Economic conditions may trump genetics when battling obesity
October 23, 2012
In a first-of-its-kind study that shows environmental conditions can be more influential than genetics, Virginia Tech researchers have found that the cost of food — not someone’s genetic makeup — is a major factor in eating fattening food.
The study, which was recently published in the Open Neuroendocrinology Journal, suggests that economic environments could be altered to help counteract the obesity epidemic plaguing more than one-third of Americans.
In the United States over the last 30 years, the price of fattening food has declined compared to healthy food, while obesity rates increased. This research suggests that if fattening foods cost more or were taxed, people would be less likely to eat them.
“This study shows that the current low costs of high-fat foods only exacerbates the obesity epidemic, even among those individuals who might not otherwise be prone to obesity,” said George Davis, a professor of agricultural and applied economics and health, nutrition, foods, and exercise in the College of Agriculture and Life Sciences.
“People may think that if they are genetically geared toward being obese that they may not be able to do anything about it,” said Deborah Good, a geneticist and associate professor of human nutrition, foods and exercise. “These data suggest that environmental conditions are as important as genetic make-up.”
Their 18-month study used two groups of mice: one that had the Tub gene — which leads to adult-onset obesity — and a group that did not. The mice had two different levers to push to make food drop — one which released fatty food, another which produced more healthy food.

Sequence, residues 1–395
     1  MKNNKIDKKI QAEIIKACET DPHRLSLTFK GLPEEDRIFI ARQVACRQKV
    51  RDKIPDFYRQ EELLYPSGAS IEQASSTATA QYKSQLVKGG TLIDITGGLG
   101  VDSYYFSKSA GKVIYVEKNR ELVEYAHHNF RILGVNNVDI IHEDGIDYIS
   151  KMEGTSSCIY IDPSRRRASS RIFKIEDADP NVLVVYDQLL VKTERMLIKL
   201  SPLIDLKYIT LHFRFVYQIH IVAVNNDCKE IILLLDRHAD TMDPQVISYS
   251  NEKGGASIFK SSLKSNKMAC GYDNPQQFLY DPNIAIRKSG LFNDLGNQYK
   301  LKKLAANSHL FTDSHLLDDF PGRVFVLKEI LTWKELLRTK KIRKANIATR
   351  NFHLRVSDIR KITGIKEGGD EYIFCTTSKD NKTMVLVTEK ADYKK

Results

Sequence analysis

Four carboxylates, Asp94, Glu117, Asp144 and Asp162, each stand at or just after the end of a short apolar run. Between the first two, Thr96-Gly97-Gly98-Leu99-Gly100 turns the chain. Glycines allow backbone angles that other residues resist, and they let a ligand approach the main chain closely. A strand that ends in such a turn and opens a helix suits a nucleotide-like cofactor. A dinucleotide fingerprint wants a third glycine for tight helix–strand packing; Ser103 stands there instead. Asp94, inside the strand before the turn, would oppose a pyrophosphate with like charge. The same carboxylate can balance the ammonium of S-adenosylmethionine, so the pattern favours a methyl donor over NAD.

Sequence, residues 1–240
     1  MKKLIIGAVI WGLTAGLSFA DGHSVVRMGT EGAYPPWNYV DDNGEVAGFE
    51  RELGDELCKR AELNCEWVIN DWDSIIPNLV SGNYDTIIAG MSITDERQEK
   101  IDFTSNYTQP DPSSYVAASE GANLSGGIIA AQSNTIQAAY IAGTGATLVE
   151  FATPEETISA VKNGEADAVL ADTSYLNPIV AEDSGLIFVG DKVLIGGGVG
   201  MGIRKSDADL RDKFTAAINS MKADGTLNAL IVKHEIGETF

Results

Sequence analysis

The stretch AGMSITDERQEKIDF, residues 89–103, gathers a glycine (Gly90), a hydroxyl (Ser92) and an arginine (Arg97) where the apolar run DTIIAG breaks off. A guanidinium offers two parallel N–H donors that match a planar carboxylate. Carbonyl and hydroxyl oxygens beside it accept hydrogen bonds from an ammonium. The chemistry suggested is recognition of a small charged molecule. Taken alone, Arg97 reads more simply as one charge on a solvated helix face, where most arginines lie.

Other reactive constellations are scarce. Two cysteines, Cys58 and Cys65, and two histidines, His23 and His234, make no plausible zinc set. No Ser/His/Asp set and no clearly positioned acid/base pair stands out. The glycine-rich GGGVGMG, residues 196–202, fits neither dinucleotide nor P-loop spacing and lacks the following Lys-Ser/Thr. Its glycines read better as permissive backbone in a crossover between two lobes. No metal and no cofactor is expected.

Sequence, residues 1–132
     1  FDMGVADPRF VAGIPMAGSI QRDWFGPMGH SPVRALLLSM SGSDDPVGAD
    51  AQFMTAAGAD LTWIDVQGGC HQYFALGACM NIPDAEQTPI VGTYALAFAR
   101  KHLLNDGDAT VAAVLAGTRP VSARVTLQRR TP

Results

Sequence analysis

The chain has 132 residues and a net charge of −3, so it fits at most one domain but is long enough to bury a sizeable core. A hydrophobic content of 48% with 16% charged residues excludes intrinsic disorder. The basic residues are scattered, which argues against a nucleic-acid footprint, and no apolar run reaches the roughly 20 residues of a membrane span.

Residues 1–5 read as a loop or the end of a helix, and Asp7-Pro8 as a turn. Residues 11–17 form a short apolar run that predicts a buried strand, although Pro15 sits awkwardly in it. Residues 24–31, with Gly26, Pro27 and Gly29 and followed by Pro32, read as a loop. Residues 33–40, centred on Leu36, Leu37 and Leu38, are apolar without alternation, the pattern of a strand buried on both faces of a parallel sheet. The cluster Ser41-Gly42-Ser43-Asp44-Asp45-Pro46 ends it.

Over time, the researchers decreased the number of pushes required for the mice to get the fatty food, making it “cheaper.” The healthy food stayed the same cost.
Both sets of mice reacted similarly and put on weight. It suggests that the economic environment is just as important as genetic make-up when it comes to how much people will eat and the weight they put on.
The results illustrate that even people who might otherwise eat healthy will eat poorly if the food is cheaper. If the price of fattening foods were higher, people would be less likely to eat poorly, Davis said.
Government legislation or economic incentives such as a “fat tax” could be strong tools to counteract obesity, Davis said. “People get the impression that if something is in their genes, there is nothing they can do about it,” Davis said. “This gives us hope that people who are predisposed to certain types of behavior can overcome those impulses by using economic incentives.”